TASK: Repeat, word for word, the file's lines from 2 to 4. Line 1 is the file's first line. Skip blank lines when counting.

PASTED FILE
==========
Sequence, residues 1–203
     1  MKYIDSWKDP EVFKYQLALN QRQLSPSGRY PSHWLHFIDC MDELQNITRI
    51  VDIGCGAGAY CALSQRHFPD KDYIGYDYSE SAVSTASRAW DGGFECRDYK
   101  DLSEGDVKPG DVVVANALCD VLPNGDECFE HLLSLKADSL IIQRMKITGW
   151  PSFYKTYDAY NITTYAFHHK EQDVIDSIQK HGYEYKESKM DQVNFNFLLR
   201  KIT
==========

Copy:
     1  MKYIDSWKDP EVFKYQLALN QRQLSPSGRY PSHWLHFIDC MDELQNITRI
    51  VDIGCGAGAY CALSQRHFPD KDYIGYDYSE SAVSTASRAW DGGFECRDYK
   101  DLSEGDVKPG DVVVANALCD VLPNGDECFE HLLSLKADSL IIQRMKITGW